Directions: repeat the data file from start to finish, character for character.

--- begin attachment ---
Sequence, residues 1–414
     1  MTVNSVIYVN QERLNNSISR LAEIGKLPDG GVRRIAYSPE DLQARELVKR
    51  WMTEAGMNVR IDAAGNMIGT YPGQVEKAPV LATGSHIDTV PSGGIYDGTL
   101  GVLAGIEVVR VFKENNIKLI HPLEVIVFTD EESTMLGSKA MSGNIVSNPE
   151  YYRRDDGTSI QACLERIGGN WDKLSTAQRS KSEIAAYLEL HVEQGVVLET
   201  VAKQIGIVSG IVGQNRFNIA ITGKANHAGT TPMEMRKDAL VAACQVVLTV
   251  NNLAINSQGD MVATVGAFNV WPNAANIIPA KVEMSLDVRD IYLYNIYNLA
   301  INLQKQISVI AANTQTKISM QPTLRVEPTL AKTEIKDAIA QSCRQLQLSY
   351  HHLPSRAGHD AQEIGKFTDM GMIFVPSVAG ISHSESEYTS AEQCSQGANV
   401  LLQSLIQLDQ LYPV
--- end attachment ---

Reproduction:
Sequence, residues 1–414
     1  MTVNSVIYVN QERLNNSISR LAEIGKLPDG GVRRIAYSPE DLQARELVKR
    51  WMTEAGMNVR IDAAGNMIGT YPGQVEKAPV LATGSHIDTV PSGGIYDGTL
   101  GVLAGIEVVR VFKENNIKLI HPLEVIVFTD EESTMLGSKA MSGNIVSNPE
   151  YYRRDDGTSI QACLERIGGN WDKLSTAQRS KSEIAAYLEL HVEQGVVLET
   201  VAKQIGIVSG IVGQNRFNIA ITGKANHAGT TPMEMRKDAL VAACQVVLTV
   251  NNLAINSQGD MVATVGAFNV WPNAANIIPA KVEMSLDVRD IYLYNIYNLA
   301  INLQKQISVI AANTQTKISM QPTLRVEPTL AKTEIKDAIA QSCRQLQLSY
   351  HHLPSRAGHD AQEIGKFTDM GMIFVPSVAG ISHSESEYTS AEQCSQGANV
   401  LLQSLIQLDQ LYPV